From the Incorporated Limits

Peter Mishler

The freeway rumbles
the mulch at nightfall.
Black leaves trundle
under the earth in silence.
I hear their suffocating.
This is the thoroughfare
of the child: her bedsheet
crowning her shoulders,
she’s led by the coughing
of oars on water,
her friends all gathered
to cut and strip
the bark from the birches
for bracelets, for cuffs.
The self-appointed
countess of them whines,
betrayed as she is
by her land and her people.
Her wrists are wilting
in fetters of wood.
Low-pitched and dampened,
a canal-song unfolds.
In concrete, a pattern
of flames on the levee wall.
Over the water, the voices
of children announcing
another kingdom allayed.

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Peter  Mishler

Peter Mishler was born in New Jersey and lives in Kansas City, where he teaches and serves as an editor for Drunken Boat. His work has been featured in Conjunctions, The Literary Review, and Public Pool, and was selected for the Best New Poets series. This is his first book. (Author photo by Jennifer Wetzel)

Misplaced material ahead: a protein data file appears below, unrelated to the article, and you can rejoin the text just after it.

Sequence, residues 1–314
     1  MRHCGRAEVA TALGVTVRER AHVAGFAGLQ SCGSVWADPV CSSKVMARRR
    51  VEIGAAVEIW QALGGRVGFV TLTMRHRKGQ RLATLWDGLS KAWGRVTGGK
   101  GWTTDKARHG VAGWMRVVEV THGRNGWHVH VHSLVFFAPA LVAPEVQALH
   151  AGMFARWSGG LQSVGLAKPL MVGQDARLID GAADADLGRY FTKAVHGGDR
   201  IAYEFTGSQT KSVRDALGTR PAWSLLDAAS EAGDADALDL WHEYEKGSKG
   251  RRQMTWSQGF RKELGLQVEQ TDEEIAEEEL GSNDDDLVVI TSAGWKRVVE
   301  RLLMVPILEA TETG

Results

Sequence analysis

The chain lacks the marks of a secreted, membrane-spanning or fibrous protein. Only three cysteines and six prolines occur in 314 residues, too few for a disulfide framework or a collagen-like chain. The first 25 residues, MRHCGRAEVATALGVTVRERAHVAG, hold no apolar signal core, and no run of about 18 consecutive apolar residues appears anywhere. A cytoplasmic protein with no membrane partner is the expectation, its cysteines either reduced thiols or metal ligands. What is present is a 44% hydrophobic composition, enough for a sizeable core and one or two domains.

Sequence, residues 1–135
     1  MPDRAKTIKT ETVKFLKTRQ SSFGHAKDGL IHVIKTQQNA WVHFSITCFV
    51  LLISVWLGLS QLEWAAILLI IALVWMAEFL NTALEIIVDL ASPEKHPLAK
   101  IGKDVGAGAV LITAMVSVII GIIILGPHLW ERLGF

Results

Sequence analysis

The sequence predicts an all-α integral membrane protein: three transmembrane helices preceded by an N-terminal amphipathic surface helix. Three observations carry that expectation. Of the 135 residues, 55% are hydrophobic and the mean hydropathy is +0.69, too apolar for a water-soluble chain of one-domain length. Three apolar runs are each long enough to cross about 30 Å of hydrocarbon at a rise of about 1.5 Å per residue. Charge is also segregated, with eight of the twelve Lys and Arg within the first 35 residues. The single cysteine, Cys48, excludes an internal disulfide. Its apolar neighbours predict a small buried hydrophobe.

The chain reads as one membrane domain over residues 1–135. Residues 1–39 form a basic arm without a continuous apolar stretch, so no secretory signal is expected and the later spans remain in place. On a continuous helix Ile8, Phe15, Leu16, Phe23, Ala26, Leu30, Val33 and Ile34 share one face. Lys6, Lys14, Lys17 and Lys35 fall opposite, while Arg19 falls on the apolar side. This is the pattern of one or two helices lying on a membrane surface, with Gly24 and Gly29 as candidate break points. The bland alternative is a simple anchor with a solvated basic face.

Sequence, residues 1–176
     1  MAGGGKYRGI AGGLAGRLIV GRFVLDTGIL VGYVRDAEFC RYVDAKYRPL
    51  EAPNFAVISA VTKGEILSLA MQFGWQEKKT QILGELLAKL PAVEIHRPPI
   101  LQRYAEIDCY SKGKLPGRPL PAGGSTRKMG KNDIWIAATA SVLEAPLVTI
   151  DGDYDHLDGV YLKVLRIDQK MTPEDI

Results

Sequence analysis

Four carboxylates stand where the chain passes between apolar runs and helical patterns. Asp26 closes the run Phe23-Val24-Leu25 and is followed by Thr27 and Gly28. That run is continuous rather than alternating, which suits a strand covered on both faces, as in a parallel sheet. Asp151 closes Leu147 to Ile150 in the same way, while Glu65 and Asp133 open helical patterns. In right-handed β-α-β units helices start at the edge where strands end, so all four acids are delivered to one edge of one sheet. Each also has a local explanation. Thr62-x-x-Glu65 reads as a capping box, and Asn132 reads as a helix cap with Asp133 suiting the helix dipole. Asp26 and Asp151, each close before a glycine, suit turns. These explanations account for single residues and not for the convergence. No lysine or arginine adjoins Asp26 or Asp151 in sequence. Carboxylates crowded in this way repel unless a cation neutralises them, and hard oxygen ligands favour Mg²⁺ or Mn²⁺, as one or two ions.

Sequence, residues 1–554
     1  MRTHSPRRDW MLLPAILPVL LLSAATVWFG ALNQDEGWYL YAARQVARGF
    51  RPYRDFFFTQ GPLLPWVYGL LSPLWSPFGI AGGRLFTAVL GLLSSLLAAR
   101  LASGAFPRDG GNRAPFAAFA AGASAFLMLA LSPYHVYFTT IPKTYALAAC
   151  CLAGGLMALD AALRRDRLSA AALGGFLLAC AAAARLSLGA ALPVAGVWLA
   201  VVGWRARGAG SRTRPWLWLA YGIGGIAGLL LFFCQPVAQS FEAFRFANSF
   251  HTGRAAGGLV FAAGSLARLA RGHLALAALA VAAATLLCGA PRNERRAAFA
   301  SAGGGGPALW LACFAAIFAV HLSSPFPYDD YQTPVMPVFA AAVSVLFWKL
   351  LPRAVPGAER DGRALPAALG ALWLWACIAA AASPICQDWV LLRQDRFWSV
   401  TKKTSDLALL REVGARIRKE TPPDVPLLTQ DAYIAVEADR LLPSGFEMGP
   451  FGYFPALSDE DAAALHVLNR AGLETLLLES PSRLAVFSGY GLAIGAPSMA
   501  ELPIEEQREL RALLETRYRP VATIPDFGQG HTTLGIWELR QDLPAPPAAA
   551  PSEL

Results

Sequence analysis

“The poems in Fludde make the uncanny uncanny again, no small feat in an era in which reality surpasses the imagination at every turn. It’s when we’re closer to being persuaded into thinking that the role of invention is to come up with tools to best convey real life’s inconceivable scenarios that we most need our imaginings. Mishler’s roam defiantly free, as in the realm of the oneiric and children’s fabulations. This book is incredible.”
—Mónica de la Torre

“In this uncompromising collection, it is understood that shades of the prison house begin to close upon the growing self, and that the sound of the chimneysweeper’s broom is “-weep -weep.” There’s a powerful moral imagination at work in Fludde, and its poems are darkly and passionately self-knowing about the consequences of how the childhood self is, as it grows, incorporated into the world around it…. It’s a joy to experience Mishler’s individual skill, his inventiveness, his beautiful knowing versification.”
—David Ferry

“Full of the feral joy of invention and profoundly animated, Fludde makes us feel, as only poetry can, that we’ve found a companion for our dream life. I’d say this is good news.”
—Dean Young

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